The ultimate value of the $24 million Baltimore's NFL team has promised to pay for its stadium could amount to a windfall or a disappointment for the state, depending upon how and when it is paid.
The team agreed last week to pay the money during the 30 years of its lease under terms still to be worked out with the Maryland Stadium Authority.
"Obviously, in consideration of what Mr. Modell is doing, we're going to make the terms as favorable as we can," said authority chairman John Moag.
He said he would not go along with the team simply turning over $24 million in the 30th year of its lease. But other options will be considered, including letting the team sell the name of the stadium to a corporate sponsor to raise the money, or establishing a favorable payment schedule that won't begin until the new stadium is up and running and earning revenues.
If the team can push the payments off into the future, it could achieve a significant savings, said Tom H. Regan, an assistant professor of sports administration at the University of South Carolina.
For example, if the team were allowed to make the payment in the 30th year, it could be the equivalent of giving the state $2.4 million this year. That's assuming that $2.4 million earning 8 percent a year for 30 years would grow to $24 million.
"One principle of money is you always want it sooner unless there is some benefit to waiting," Regan said. "It's all about cash flow."
The legislation calling for the contribution, which was approved overwhelmingly by the House Appropriations Committee in Annapolis Friday, specifies that the money can be considered part of the cost of building the stadium's sky boxes.
That arrangement could produce important tax savings for the team, Regan said.
Under such an arrangement, growing common in sports, the team "depreciates" the cost of the boxes as an expense. That means the team would slice the $24 million into annual payments and subtract them from profits before taxes are calculated.
If he were advising the team, Regan said he would recommend making the payment as late as possible but depreciating the cost as quickly as possible, say over 15 years. Under that plan the team could shield $1.6 million a year for 15 years from its taxable earnings -- a potential tax savings of $500,000 a year, Regan said.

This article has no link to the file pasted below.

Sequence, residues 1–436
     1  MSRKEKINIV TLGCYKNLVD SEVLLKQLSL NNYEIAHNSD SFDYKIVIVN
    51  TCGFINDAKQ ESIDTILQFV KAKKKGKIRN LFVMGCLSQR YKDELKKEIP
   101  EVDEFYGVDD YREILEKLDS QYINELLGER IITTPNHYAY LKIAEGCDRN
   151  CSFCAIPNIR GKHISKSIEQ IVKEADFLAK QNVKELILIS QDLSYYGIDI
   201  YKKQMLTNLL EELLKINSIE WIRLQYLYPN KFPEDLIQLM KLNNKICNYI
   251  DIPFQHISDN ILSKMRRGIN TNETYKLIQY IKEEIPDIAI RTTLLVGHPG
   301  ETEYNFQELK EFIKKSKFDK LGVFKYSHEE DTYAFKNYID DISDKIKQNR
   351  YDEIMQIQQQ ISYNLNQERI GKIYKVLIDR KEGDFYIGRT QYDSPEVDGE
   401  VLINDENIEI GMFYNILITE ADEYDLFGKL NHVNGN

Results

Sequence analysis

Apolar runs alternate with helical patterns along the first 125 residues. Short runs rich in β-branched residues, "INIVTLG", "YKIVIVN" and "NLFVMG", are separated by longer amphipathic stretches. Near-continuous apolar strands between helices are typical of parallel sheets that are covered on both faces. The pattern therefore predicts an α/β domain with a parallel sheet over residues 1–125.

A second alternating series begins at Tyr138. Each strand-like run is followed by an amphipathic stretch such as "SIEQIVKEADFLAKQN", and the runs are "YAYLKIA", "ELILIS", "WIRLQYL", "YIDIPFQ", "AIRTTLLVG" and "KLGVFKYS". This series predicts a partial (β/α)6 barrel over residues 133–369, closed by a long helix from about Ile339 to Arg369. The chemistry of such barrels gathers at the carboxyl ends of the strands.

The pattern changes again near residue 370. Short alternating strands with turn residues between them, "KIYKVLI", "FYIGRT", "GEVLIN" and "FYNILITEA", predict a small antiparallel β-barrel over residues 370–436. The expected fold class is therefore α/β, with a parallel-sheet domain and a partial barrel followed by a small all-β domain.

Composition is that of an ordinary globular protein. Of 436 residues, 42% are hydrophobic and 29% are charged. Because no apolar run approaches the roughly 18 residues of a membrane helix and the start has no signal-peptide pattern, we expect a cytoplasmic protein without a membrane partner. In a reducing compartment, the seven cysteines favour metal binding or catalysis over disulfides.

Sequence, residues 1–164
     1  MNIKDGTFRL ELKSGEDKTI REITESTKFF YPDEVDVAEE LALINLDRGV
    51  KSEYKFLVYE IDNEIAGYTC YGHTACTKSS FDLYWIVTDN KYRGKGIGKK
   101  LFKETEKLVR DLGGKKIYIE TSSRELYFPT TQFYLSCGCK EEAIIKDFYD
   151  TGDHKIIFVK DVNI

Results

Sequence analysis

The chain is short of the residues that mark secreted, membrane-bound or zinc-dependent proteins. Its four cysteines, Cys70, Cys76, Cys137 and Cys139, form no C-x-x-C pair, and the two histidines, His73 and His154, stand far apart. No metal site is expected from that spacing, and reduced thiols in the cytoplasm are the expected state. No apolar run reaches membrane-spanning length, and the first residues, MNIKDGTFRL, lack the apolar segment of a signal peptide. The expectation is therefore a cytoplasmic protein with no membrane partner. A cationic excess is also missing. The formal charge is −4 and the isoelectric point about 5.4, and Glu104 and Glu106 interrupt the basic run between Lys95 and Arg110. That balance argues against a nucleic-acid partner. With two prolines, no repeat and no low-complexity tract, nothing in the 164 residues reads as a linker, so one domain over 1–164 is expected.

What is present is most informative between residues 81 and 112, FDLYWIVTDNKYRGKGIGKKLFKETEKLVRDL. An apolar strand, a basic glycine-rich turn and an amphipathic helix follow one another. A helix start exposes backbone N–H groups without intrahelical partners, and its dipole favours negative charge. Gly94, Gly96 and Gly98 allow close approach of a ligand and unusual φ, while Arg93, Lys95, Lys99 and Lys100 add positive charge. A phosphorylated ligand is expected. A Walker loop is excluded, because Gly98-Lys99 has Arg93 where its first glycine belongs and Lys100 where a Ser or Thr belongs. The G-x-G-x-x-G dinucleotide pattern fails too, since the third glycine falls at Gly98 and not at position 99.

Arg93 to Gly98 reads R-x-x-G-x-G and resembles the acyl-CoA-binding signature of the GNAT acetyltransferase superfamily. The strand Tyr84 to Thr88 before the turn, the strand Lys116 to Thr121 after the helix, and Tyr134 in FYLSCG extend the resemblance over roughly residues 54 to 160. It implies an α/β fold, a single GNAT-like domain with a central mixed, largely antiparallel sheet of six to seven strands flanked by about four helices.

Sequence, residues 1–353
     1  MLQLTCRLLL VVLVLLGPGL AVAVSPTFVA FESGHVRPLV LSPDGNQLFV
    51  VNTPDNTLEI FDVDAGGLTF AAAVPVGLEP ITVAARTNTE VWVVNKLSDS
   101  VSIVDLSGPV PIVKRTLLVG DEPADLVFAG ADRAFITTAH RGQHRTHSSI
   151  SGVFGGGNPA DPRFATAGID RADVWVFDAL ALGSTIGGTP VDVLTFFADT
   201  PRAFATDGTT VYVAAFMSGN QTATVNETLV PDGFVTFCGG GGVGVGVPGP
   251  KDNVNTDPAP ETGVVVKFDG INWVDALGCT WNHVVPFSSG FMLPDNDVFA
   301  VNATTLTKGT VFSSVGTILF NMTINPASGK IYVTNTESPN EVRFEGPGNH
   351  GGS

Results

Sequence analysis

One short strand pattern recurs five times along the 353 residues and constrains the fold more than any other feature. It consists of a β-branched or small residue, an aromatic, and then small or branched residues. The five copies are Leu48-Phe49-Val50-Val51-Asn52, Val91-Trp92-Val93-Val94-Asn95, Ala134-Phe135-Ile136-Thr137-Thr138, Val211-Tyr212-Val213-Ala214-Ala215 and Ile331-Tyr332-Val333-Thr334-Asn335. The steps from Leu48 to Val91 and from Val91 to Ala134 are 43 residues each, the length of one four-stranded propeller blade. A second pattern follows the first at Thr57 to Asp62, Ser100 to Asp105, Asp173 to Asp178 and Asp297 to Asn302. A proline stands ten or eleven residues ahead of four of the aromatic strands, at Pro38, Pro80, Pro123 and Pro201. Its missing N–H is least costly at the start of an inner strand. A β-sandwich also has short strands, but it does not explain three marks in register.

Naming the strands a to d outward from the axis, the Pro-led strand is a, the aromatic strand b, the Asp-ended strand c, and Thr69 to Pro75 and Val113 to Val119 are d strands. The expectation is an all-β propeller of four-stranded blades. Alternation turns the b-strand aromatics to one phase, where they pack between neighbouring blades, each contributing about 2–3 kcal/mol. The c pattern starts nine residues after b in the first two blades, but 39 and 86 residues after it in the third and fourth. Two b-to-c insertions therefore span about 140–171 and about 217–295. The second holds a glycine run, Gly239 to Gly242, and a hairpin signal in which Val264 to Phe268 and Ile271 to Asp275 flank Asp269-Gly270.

Furthermore, if the team borrows the $24 million, the interest on the loan could be listed as an expense, reducing again the corporate taxes paid, Regan said.
The Orioles have a similar opportunity at Oriole Park. Lawmakers balked at paying for the luxury suites and the team ended up paying $9 million, which it borrowed from the stadium authority and is repaying with interest.
Under the football legislation, the stadium authority will provide $2.4 million a year for 10 years beginning in the year 2001 for school construction. But that does not mean the team will necessarily make corresponding payments on the same schedule, Moag said.
The team's agreement with the state allows for the name of the stadium to be sold to a corporate sponsor if both sides agree, something that could become a source of revenue to cover some of the $24 million.
That possibility has raised concerns in Annapolis. Sen. Christopher Van Hollen, a Montgomery County Democrat and stadium opponent, said, "The other shoe has not dropped -- the question of whether Modell will get the rights to sell the stadium name, which could be a bonanza."
Team spokesman David Hopcraft said it may take more than a year to negotiate a formal lease, in which the terms of repayment will be determined.
"There's a million options, and they won't be hammered out for a while. But the football team has pledged to give $24 million over the term of the lease," he said. "We will have $24 million less than we would have had."
Another bill endorsed Friday by the Appropriations committee calls for the state to get any money the team raises from "seat licenses" but does not use for agreed-upon relocation expenses. The team and state agreed that up to $80 million in the one-time season ticket fees could be sold, but the first $5 million goes to the state.
Most estimates of relocation costs exceed $75 million, but there is a chance that a $29 million relocation fee will not have to be paid to the NFL, if legal challenges in other cities prevail.